This last idea is one of my favourites as it rewards shoppers for being environmentally friendly. The concept goes like this. Your customer buys your product. They use it and wash the container. Then when they’re ready to buy some more, they bring the clean container back and refill it in your shop, paying less for the product because they’re not paying for any packaging.

I’ve seen this system used effectively for food (e.g. flour, seeds, oil etc.), laundry cleaning products, and personal care products. And I’ve seen some great examples of brands using [Loop] to do a similar thing for products they deliver to customers.

Something else eco-conscious consumers love is suggestions for how to reuse packaging at home. Here are some ideas you could use or which might give you inspiration for something that could work for your brand:

  • Packing products in decomposable ‘plastic’ bags that customers can then use to collect food scraps before putting them in their green-waste bin
  • Providing instructions for kids to turn packaging (e.g. cardboard boxes) into toys (you could even print designs on the packaging that makes it fun to play with — think space rockets and cityscapes for car racing etc.)
  • Providing instructions for making practical, useful everyday items from packaging, such as plant pots, pen holders, tablet carry bags and more
An online store, a physical store, a factory and some packaging.

Workplace design

Many workplaces themselves aren’t environmentally friendly. So, next time you’re fitting out, renovating, designing, updating or replacing worn out features of a workplace for yourself or your team, consider using sustainable building materials and design features that will save energy.

Something a simple as switching to more energy-efficient lightbulbs can make a significant impact on the environment and is something everyone can do. If a new workplace or workplace redesign is on the cards, you’ve got far more scope to go really green. For example, energy efficient cladding can help your building achieve a 5-star green rating. You can design the building to be solar passive and make the best use of fresh air to reduce heating and cooling costs and the impact of that energy use on the environment. And you can add lots of windows to reduce your need for artificial light.

A builder building a workplace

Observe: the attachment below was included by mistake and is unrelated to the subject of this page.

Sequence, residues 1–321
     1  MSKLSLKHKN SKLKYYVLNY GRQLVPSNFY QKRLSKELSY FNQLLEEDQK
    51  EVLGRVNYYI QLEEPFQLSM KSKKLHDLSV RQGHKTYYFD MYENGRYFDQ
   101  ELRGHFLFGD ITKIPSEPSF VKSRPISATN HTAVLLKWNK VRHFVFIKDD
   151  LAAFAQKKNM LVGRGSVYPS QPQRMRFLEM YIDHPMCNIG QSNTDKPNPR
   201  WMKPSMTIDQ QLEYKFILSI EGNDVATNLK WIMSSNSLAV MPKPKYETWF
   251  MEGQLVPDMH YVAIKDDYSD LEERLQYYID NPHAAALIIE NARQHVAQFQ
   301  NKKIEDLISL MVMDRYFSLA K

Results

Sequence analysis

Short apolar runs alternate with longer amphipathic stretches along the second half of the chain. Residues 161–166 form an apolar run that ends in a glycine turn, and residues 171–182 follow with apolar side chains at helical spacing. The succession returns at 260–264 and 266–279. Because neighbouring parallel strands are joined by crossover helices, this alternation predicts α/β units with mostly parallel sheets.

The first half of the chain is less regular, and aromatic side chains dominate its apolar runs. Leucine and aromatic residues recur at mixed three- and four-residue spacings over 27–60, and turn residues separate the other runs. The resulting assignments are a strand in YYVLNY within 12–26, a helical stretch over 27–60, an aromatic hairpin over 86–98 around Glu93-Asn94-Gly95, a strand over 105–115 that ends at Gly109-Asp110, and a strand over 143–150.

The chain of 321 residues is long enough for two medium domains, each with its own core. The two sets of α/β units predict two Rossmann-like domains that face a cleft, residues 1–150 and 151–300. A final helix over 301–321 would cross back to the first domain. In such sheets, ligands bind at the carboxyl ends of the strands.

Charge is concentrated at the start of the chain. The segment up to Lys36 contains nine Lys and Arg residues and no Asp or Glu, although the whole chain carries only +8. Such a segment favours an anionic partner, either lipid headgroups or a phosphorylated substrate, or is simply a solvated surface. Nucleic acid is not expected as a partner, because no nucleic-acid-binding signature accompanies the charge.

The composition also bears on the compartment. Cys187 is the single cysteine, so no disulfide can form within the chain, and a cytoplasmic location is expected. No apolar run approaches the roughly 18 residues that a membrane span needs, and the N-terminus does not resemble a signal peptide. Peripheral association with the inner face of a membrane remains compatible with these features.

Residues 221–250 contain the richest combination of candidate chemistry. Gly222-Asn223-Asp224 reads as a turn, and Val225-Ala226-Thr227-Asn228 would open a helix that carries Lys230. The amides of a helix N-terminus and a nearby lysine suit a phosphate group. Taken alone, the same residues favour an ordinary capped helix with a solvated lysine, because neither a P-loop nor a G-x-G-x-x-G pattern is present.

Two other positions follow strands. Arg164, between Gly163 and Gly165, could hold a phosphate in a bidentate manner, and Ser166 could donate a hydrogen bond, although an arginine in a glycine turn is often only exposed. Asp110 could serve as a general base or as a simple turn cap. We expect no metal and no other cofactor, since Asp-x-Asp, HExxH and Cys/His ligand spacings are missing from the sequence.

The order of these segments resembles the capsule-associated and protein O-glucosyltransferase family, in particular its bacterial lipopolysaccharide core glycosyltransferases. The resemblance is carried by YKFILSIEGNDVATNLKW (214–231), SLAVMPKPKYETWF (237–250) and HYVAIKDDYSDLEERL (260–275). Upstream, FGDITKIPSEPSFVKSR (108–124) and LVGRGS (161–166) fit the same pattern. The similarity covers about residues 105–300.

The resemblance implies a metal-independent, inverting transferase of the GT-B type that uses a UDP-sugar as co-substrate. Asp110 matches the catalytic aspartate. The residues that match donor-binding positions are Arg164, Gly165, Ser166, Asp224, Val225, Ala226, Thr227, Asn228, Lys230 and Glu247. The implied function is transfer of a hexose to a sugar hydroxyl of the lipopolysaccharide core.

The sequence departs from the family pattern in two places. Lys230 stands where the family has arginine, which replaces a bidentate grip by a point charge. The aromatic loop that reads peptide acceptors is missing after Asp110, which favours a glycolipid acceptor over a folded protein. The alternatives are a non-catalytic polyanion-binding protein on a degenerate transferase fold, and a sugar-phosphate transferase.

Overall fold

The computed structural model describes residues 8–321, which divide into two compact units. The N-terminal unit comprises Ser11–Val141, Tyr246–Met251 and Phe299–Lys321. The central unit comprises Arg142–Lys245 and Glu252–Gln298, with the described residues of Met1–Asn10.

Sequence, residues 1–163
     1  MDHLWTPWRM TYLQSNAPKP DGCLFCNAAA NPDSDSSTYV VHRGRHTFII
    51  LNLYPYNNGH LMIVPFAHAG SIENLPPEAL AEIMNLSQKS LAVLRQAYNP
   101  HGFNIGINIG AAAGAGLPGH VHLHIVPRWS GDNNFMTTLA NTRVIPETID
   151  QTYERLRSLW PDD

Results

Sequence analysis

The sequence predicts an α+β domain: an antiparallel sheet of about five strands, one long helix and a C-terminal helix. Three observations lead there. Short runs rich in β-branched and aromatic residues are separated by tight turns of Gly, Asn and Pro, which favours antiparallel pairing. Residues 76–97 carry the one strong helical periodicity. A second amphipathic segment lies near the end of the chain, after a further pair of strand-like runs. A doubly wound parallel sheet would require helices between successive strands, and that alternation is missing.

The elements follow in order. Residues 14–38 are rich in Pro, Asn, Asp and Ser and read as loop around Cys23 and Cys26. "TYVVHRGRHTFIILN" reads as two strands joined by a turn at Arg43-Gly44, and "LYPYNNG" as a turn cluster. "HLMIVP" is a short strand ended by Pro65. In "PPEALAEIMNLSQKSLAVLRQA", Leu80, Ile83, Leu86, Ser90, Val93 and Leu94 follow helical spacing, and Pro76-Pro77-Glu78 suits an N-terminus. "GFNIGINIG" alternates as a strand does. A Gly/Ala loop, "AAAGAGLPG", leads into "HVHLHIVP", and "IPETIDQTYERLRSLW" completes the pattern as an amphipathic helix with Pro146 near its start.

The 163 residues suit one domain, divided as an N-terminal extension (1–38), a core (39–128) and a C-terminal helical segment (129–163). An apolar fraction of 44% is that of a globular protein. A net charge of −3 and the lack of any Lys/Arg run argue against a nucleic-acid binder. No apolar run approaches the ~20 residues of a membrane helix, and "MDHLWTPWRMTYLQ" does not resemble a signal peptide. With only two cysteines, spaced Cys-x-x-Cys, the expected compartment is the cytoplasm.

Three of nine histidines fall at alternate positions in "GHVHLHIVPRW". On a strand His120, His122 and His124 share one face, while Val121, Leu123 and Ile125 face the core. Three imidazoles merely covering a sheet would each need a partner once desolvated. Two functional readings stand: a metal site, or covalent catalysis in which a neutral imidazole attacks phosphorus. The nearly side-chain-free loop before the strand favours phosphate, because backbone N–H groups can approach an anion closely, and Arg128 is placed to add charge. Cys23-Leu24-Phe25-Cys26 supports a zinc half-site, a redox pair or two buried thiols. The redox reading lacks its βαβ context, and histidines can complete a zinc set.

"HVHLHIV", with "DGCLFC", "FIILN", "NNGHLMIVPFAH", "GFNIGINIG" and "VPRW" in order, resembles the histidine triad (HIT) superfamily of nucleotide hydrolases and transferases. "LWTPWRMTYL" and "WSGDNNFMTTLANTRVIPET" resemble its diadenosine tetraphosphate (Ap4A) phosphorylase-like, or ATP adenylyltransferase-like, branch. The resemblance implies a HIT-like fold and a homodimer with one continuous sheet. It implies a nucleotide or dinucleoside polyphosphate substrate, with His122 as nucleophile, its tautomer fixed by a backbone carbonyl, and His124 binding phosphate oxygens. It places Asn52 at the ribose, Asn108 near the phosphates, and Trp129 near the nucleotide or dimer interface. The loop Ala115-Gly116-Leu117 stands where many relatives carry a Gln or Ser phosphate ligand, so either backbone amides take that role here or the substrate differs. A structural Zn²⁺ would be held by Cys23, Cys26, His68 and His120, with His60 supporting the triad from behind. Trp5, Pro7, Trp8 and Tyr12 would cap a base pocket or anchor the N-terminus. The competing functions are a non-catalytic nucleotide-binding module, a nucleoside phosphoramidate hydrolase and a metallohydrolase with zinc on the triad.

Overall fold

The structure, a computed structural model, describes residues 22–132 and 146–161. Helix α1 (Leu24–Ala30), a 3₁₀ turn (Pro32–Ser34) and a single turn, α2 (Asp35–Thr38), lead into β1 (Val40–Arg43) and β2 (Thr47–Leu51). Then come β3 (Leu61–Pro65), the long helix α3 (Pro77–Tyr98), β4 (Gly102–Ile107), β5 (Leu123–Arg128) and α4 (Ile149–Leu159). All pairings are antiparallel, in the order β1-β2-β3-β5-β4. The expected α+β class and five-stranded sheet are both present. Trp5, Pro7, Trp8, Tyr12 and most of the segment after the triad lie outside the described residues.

Reduce, reuse and recycle

One of the most important things you can do as a small business is to reduce your impact on the environment by reducing waste. The more we can keep out of landfill, the better. And it’s not just about recycling your products and packaging; you can also recycle office supplies, furniture, and anything else you no longer need.

There are plenty of places you can donate unwanted items. Many charities could greatly benefit from the donations, and you’ll be doing your bit to help the environment.

If you’re in a business with food or green waste, you can compost it. This is a great way to reduce your waste and help the environment. You can also encourage customers and employees to compost their food waste.

There are many ways you can reduce, reuse, and recycle in your business. By doing so, you’ll be helping the environment and setting a good example for other businesses and even your customers and clients. And if you need a little help recycling to the best of your ability, I can recommend TerraCycle as a great place to find free and paid recycling initiatives you may not be aware of.

Two women and one man collaborating to reduce, reuse and recycle waste

Sustainability isn’t just for big businesses

Many small businesses lament the disadvantages of being small. But when it comes to sustainability, being small can make it easier for you to be environmentally friendly. For instance, it can be easier to implement recycling and product refill programs on a smaller scale. And being more sustainable than your larger business counterparts could just be what you need to stand out and become the business of choice for a larger part of your target audience. So, reducing waste in your business is good for the environment, can save you money and may help you become more profitable in the long run.

You, — the small business owner, marketing professional, sustainability enthusiast — are the backbone of the Australian economy. Your efforts to reduce your environmental impact and promote sustainable practices help build a more resilient future for us all. So, take advantage of your size and start exploring how you can build a more environmentally sustainable business today.

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Dr Kelly Wade

Hi! I’m a full-funnel marketing specialist and my mission is to build a better tomorrow by helping organisations that solve crucial problems, efficiently generate sustainable growth with strategic marketing assets that attract, nurture, convert and retain the target market.